Marlins 8 Mets 7
The assumption was that if the Mets could jump out to an early lead, the Marlins would go to the fish tank and roll over. And the Mets did hit the scoreboard first, thanks to a two-run double by Moises Alou in the initial inning and a David Wright double that drove in Jose Reyes in the second.
However, Tom Glavine did not have his best stuff. In fact, he was borderline terrible. But somehow, he worked out of trouble in each of the first four innings without damage. Finally, he ran out of gas in the fifth, allowing four runs — three of them via a homerun by Miguel Cabrera. Through five, Glavine allowed 4 runs on 11 hits and a walk.
After the second, the Mets couldn’t reach home against Dontrelle Willis, who struggled nearly as mightily as Glavine, allowing three runs on five hits and a walk through six.
The Marlins bullpen took over in the seventh, but the Mets couldn’t do anything against them. The New York offense put together an awful set of at-bats in the seventh — with Jose Reyes and Lastings Milledge swinging at bad pitches — and repeated with more atrocious at-bats in the eighth. Only David Wright and Moises Alou looked like they had a clue — everyone else went up to the plate like it was their first MLB at-bat and Sandy Koufax was on the mound.
In the ninth, Paul LoDuca led off with a double through the right-center gap, and was replaced on second base by Carlos Gomez. Ruben Gotay screwed up two sacrifice attempts, then bounced a grounder to shortstop. The speedy Gomez took off for third — in my mind a TERRIBLE baserunning blunder — but somehow beat the throw from Hanley Ramirez to third. With runners on the corners, hot-hitting Shawn Green (who looked so full of confidence he might burst) walked on four pitches, loading the bases for Jose Reyes. Naturally, Reyes took a terrible cut on the first pitch — a curveball in the dirt — for strike one. Keeping with his current M.O., he waved wildly at the second pitch, a slider in the dirt. Predictably, he swung through a third slider in the dirt for strike three. Marlon Anderson was paying attention, however, and took the first two pitches — making it a dozen consecutive pitches thrown out of the strike zone by closer Kevin Gregg. The next two pitches were over the middle, however, and Anderson swung through them. Anderson then took ball three, filling the count with the bases filled as well. Gregg’s next pitch was blasted off the right-center fence, clearing the bases and landing SuperMarlon on third (he missed the Mets’ first grand slam of the year by about five feet). David Wright was retired for the first time all night for out number two, but Carlos Beltran FINALLY came through with a two-out RBI, putting the Mets up by three.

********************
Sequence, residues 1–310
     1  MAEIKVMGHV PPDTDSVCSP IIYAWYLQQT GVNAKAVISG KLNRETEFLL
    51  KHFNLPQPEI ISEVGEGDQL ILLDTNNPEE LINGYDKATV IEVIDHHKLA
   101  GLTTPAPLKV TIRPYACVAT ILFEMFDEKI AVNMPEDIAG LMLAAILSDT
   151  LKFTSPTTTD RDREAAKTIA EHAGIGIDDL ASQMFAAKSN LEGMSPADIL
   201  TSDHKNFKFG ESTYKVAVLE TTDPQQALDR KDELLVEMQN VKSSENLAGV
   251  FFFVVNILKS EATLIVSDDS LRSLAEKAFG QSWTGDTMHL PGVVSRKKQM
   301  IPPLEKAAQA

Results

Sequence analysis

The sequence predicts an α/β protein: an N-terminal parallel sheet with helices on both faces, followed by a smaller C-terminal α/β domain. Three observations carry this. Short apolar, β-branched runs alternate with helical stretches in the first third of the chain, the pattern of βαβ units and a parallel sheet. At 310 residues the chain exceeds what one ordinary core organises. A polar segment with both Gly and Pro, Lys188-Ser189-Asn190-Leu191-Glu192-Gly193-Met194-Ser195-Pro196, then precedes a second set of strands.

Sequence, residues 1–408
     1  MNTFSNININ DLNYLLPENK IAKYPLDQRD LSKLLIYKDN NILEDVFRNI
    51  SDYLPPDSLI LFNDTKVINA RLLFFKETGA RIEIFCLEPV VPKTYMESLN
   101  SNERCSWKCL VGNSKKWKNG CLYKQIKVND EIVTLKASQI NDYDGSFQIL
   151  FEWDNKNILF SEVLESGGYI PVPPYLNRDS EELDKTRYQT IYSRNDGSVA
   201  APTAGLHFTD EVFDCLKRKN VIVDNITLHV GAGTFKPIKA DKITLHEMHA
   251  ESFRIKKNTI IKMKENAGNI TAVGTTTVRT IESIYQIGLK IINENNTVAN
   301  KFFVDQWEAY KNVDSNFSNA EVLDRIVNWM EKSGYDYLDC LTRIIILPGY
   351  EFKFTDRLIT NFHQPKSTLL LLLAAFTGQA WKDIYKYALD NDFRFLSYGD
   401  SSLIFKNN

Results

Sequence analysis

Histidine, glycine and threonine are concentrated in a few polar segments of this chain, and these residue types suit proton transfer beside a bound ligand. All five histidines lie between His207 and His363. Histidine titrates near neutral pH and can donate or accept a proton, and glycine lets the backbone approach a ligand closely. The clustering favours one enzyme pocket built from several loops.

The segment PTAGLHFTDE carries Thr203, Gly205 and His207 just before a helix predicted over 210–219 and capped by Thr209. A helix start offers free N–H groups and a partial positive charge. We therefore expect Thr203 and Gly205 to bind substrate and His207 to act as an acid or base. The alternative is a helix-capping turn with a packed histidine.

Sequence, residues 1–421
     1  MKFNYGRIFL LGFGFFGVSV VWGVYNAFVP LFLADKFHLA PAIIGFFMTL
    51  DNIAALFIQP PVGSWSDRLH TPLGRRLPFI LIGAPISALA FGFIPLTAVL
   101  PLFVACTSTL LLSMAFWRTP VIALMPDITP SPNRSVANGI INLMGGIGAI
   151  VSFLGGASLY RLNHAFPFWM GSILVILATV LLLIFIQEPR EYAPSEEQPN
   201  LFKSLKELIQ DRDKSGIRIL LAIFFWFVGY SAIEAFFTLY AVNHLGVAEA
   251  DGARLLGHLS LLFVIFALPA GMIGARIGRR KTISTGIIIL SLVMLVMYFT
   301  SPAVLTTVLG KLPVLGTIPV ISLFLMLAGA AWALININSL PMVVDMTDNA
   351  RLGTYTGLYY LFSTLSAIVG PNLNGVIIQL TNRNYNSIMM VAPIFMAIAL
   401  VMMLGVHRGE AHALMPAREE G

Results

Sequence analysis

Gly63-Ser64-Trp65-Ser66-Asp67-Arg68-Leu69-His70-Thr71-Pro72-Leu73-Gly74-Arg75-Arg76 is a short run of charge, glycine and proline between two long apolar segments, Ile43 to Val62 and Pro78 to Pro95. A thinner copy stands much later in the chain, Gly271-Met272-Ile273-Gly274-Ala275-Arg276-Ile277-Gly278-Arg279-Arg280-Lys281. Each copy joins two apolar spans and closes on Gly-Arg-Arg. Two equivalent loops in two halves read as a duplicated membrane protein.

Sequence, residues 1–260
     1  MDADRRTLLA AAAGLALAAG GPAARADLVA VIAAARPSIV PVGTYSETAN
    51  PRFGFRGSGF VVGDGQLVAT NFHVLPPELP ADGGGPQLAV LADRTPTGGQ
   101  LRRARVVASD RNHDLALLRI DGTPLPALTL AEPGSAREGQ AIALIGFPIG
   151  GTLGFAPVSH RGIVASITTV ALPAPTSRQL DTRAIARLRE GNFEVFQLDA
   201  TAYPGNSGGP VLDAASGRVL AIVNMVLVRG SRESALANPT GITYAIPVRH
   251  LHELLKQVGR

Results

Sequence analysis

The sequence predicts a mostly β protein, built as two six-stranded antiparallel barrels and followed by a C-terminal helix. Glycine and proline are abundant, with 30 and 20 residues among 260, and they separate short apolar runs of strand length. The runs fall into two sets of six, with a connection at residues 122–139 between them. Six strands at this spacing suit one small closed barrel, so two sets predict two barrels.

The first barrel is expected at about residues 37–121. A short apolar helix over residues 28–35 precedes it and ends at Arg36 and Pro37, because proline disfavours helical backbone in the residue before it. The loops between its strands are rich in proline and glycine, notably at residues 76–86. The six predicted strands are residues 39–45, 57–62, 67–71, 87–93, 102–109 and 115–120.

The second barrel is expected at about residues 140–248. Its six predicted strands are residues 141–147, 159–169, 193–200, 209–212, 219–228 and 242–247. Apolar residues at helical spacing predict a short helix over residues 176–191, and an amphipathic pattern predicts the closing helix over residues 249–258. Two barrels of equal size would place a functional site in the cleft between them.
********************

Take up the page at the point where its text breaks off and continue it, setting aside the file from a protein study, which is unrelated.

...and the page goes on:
But where was Billy Wagner to close it out? Pedro Feliciano started the bottom of the ninth, gave up a single to leadoff hitter Jeremy Hermida, and was replaced by Jorge Sosa. Sosa promptly allowed a double to “All World” Cabrera, putting runners on second and third. And where was Wagner? Both runners scored on grounders as the Mets were trading runs for outs, but the second out was not to be as David Wright — who made a fine diving stop — threw the ball away (this proved to be a crucial error). It was then one out, man on first, and a one-run game — and where was Wagner? The next batter, Cody Ross, worked the count full before dropping a Texas Leaguer two inches inside the leftfield foul line for a double. This put runners on second and third with one out, and down by one run (where was … oh, never mind!). Matt Treanor bounced a grounder to Jose Reyes for the second out, but the tying run scored in the process. Jason Wood popped up for the third out, but the damage was done. Meantime, the scoreboard flashed the final score in D.C. — Phillies 7 Nats 6.